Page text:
I used to think I was a social media guru. I’ve been using Twitter since before it was “cool.” I have accounts on Instagram, Pintrest, LinkedIn, Tumblr, Foursquare and an embarrassing number of albums on Facebook. So when my boss at my summer internship asked me to help him develop the company’s social media strategy, I confidently accepted the task. I was in for a rude awakening. I quickly learned that tweeting on behalf of a $23 billion electronics distributor was a far cry from managing my own personal account. Then there’s the analytics behind the whole operation and translating that into ROI. I was in way over my head.
I understand the social benefits of social media. I’ve seen first hand how it can add dimension to your relationships and enable you to engage with others in unprecedented ways, making it easier than ever to maintain connections. Is knowing that Taylor Swift’s cat is tired today really going to enhance our relationship? No, but part of social media’s greatness also lies in its ability to provide sheer entertainment to an audience of over a billion viewers:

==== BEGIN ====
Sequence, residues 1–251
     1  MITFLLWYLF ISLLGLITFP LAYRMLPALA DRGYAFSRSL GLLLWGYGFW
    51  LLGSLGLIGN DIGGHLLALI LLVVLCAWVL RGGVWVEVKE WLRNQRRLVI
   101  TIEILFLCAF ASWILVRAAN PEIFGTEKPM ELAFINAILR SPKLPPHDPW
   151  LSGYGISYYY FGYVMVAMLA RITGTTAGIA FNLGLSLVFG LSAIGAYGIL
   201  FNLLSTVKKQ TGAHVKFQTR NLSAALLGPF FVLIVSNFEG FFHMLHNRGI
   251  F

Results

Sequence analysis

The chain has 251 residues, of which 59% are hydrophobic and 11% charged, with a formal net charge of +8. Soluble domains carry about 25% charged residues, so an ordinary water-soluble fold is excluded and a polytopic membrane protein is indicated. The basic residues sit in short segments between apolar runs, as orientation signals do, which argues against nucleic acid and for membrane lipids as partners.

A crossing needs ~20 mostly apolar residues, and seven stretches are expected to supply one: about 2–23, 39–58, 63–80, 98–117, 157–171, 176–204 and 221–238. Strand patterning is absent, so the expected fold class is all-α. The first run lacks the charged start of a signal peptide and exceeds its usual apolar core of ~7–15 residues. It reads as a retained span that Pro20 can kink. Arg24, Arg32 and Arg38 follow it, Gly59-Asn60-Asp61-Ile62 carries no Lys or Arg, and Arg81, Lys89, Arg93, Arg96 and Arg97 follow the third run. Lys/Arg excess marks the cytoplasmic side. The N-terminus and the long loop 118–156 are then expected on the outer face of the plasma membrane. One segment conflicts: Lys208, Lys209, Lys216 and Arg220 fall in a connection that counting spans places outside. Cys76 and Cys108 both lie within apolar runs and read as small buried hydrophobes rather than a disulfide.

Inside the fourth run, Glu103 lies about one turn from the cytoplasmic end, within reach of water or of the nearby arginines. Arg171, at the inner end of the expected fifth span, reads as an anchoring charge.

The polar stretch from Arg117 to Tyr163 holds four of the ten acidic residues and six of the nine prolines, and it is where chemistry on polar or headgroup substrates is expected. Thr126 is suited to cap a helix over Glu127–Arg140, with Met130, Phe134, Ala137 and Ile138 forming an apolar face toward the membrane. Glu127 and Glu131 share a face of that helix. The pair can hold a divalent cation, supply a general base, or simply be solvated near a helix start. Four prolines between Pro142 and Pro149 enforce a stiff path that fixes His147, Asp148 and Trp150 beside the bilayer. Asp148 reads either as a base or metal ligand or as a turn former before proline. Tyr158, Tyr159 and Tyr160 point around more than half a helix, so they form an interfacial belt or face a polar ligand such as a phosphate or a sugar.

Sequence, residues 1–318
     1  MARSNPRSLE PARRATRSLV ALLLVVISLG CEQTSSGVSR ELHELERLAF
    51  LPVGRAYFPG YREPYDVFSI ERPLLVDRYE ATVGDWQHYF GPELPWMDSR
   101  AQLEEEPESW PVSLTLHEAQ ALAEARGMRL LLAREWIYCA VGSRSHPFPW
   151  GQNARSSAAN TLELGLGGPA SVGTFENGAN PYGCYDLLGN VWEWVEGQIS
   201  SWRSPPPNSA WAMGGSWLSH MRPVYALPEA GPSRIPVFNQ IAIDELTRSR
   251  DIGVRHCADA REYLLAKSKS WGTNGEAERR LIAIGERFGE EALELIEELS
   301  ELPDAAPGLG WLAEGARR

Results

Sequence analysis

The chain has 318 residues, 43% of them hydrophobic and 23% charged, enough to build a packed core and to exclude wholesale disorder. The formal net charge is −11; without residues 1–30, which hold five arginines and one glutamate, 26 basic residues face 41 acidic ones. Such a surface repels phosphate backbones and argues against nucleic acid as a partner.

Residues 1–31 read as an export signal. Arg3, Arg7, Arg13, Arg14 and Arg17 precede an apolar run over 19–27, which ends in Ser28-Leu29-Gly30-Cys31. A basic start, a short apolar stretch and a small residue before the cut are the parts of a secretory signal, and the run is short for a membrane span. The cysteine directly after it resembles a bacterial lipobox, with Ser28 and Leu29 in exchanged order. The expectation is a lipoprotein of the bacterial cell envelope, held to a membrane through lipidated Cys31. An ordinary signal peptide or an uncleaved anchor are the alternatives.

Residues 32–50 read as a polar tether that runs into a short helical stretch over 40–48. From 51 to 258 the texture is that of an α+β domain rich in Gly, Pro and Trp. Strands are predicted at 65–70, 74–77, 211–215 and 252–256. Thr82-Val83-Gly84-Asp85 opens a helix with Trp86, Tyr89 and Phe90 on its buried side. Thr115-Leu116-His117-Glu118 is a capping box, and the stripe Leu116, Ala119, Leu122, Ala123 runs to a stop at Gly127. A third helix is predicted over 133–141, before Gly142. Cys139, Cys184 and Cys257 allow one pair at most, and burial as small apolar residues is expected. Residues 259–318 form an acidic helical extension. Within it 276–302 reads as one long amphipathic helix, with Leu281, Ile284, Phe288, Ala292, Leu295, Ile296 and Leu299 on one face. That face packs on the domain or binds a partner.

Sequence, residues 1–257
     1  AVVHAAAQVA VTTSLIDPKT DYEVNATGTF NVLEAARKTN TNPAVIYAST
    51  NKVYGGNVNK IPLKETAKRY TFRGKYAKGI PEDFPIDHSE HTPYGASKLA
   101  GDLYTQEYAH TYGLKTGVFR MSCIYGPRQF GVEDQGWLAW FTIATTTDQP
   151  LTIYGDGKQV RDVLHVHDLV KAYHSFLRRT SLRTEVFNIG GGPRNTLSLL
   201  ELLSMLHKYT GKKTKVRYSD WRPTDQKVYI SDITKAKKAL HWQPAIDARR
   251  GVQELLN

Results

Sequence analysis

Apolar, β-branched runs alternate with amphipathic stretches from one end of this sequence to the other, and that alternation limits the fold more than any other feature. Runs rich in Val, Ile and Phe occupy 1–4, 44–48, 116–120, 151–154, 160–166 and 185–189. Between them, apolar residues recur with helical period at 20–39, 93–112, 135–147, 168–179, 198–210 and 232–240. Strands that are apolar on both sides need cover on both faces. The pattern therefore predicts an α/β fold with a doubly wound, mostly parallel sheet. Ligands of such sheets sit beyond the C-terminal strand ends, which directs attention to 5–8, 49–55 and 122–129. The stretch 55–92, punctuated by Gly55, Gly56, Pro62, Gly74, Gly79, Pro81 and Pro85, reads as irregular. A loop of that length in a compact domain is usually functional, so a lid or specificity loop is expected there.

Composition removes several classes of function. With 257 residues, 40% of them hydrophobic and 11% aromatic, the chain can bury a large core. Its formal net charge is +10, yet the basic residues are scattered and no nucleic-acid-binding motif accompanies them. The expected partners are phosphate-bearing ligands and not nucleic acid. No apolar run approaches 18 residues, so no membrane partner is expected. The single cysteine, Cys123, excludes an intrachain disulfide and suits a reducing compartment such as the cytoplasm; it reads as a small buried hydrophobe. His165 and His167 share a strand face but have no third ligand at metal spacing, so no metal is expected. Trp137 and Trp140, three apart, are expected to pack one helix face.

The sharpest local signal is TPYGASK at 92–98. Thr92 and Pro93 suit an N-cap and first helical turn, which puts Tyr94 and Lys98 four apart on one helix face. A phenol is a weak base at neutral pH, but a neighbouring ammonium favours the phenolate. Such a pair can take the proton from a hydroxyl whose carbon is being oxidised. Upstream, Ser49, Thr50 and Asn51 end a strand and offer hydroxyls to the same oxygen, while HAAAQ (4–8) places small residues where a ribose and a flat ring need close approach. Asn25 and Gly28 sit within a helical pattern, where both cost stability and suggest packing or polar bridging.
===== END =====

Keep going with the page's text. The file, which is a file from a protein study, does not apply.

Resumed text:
The difficulty is figuring out the role this all plays in the world of business. We’ve seen countless examples of consumers turning to social platforms with customer service issues. We’ve also seen artists turn into megastars through grassroots marketing campaigns fueled by social efforts (i.e. Lady Gaga). These are examples of companies whose end-user is the consumer, but what purpose does social media serve in business-to-business companies?
More B2B CMOs continue to ask this question and are beginning to seriously evaluate the value of social media in their marketing efforts. In November 2012, Eloqua asked 548 B2B marketers about their approach to social media. 36 percent said their organization doesn’t have any sort of social media strategy in place. I believe this is a tremendous opportunity for recent grads to find their niche in certain businesses. That is why I am taking this course. While the job opportunities grow, so do the number of professionals who include ‘social media skills’ on their resumes. Knowing what a hashtag is does not make me a social media guru, nor will it guarantee me any job offers.
Next time my boss asks me to help the company gain a presence in social media, hopefully I’ll be more equipped for the job.